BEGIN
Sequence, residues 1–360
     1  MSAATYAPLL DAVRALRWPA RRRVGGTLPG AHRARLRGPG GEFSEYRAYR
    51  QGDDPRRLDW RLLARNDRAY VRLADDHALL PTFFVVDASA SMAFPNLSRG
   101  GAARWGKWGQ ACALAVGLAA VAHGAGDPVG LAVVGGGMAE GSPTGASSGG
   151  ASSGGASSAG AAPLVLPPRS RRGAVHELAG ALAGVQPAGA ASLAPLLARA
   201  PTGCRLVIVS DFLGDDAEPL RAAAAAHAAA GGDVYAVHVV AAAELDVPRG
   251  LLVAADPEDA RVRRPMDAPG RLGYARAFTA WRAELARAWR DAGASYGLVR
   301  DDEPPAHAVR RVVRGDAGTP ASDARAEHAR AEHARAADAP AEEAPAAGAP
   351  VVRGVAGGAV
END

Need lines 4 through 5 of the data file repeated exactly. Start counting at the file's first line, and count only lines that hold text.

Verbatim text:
   101  GAARWGKWGQ ACALAVGLAA VAHGAGDPVG LAVVGGGMAE GSPTGASSGG
   151  ASSGGASSAG AAPLVLPPRS RRGAVHELAG ALAGVQPAGA ASLAPLLARA